Do fast buses on I-90 mean falling STAR line?

Updated 1/18/2012 5:50 PM

Bus rapid transit along I-90 could be combined with plans for an express lane, but first it will cost $782,226 to study the concept.

The Illinois tollway and Regional Transportation Authority Wednesday jointly authorized sharing costs of the study to be led by Delcan Corp., a global company with offices in Schaumburg.


The consultants will look at options for buses running between O'Hare International Airport and Rockford, analyze potential ridership, and also explore how to integrate passenger cars onto the express lanes and at what cost.

The idea would be to mesh bus rapid transit with the widening of I-90, which is part of the tollway's $12 billion new construction program.

The focus on bus rapid transit might seem to sound a death knell for the STAR line, a proposed suburb-to-suburb commuter rail system. The STAR line would have connected points such as O'Hare, Hoffman Estates and Joliet using the former EJ&E tracks, now owned by the Canadian National Railroad.

With almost no money for major transportation projects or for transit trickling out of Washington or Springfield, funding for the STAR line seems a remote possibility while the express buses offer a much less expensive prospect. Past estimates for the STAR line have come in at more than $1.2 billion.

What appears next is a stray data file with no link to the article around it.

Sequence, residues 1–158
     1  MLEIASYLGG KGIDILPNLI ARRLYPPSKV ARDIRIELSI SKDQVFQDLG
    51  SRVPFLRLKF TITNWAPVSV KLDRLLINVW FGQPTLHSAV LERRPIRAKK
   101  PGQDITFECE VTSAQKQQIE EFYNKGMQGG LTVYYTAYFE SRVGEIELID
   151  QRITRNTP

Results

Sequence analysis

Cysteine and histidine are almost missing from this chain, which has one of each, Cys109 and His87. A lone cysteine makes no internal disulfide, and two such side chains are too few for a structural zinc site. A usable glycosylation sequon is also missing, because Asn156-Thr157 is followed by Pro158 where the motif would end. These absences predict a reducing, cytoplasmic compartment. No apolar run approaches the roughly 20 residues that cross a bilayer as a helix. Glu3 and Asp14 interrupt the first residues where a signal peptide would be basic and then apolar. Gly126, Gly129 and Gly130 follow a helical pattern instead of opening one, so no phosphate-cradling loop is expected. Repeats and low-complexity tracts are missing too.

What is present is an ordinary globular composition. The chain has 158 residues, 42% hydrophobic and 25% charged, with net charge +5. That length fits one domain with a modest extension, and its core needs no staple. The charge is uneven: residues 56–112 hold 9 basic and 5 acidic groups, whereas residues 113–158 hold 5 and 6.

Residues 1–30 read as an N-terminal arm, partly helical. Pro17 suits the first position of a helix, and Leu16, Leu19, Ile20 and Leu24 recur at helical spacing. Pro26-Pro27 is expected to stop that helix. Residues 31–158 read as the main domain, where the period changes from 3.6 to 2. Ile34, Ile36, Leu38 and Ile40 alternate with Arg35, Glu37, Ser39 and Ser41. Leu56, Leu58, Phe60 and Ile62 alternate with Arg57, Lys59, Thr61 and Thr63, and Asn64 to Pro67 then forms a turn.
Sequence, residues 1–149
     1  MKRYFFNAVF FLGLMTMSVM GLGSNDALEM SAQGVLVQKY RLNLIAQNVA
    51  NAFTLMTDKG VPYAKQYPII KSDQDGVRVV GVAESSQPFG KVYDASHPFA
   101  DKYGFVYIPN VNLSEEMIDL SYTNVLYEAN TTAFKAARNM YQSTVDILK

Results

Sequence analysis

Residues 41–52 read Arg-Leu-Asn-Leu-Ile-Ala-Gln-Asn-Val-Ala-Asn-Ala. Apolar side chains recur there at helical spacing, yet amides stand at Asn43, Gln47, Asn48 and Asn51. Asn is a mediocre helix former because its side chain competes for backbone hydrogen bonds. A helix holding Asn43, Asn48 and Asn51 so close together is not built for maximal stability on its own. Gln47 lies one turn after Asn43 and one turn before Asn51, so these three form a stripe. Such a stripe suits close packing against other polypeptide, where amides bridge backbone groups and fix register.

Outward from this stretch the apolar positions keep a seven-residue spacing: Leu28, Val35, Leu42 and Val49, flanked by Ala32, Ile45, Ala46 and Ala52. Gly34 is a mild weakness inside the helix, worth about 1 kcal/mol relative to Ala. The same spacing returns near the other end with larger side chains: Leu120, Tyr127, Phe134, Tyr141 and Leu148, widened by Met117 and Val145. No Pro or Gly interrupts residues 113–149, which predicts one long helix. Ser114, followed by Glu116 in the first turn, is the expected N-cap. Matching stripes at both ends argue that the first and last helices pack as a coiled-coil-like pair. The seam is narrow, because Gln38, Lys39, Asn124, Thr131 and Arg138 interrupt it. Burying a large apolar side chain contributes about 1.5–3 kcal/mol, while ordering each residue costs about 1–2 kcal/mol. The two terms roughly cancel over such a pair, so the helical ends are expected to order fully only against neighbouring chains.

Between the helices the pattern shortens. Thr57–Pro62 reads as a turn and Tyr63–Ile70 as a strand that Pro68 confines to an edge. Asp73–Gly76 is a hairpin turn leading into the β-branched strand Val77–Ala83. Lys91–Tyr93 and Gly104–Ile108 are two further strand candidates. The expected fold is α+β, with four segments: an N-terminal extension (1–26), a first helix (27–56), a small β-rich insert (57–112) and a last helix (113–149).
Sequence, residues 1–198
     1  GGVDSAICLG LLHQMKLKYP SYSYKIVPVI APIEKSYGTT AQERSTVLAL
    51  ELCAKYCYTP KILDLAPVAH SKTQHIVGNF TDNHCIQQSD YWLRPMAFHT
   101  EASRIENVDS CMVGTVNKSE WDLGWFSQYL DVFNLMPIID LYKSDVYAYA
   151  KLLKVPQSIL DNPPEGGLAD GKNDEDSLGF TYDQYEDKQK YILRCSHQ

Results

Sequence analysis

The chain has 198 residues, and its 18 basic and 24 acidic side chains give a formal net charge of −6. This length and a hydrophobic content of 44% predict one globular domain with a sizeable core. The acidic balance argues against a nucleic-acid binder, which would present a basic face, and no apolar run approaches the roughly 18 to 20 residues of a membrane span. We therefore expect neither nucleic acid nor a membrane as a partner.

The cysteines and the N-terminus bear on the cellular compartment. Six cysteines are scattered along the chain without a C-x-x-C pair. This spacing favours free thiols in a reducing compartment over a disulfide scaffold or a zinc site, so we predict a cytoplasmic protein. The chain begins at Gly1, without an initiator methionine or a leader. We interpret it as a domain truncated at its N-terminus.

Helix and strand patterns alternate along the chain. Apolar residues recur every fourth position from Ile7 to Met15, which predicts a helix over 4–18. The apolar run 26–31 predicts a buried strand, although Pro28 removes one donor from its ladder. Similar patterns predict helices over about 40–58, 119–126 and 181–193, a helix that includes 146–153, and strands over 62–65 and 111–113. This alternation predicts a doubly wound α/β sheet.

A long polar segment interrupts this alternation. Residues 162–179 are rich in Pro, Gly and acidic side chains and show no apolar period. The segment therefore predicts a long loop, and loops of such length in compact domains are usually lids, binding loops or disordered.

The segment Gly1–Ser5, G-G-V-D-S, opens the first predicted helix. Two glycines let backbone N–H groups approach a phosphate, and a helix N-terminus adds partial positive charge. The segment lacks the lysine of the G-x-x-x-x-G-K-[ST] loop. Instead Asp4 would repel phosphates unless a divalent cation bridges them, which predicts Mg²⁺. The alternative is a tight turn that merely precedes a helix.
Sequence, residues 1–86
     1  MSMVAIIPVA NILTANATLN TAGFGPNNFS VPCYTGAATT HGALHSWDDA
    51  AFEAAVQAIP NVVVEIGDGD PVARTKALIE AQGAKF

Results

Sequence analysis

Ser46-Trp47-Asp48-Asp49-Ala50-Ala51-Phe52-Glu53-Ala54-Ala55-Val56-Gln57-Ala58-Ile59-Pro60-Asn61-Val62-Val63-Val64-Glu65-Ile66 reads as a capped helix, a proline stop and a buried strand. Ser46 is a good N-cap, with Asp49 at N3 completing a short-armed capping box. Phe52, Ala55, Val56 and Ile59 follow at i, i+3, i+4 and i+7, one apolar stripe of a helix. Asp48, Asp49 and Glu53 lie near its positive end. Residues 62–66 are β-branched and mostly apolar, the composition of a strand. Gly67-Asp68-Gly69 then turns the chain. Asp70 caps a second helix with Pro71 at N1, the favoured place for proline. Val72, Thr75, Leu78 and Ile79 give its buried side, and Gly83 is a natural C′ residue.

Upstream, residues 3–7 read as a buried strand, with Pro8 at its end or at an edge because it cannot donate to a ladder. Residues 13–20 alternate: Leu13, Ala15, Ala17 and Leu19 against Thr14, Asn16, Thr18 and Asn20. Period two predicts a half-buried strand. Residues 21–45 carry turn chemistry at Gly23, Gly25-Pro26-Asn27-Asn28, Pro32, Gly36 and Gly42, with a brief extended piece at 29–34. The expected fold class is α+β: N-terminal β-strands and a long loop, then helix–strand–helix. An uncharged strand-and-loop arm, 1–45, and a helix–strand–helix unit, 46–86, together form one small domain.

RTA officials said the study doesn't preclude the STAR line, although as Metra wraps up an analysis of the project "there are no plans for taking the project further," agency senior deputy executive director Leanne Redden said, adding the lack of funding put up major roadblocks.

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However, "assuming the economy gets better, you could put light rail there, although it's a long way off," RTA Board Director William Coulson of Glenview said.

A federal grant of $528,840 will cover the majority of study costs for bus rapid transit.

It's unclear right now what the eventual I-90 express lanes will consist of. Options include a carpool lane in which vehicles with more than one occupant would pay a lower toll or a congestion-priced lane in which drivers would pay a premium to use it during peak travel times in exchange for a guaranteed faster trip.

The lanes would be shared with the express buses.

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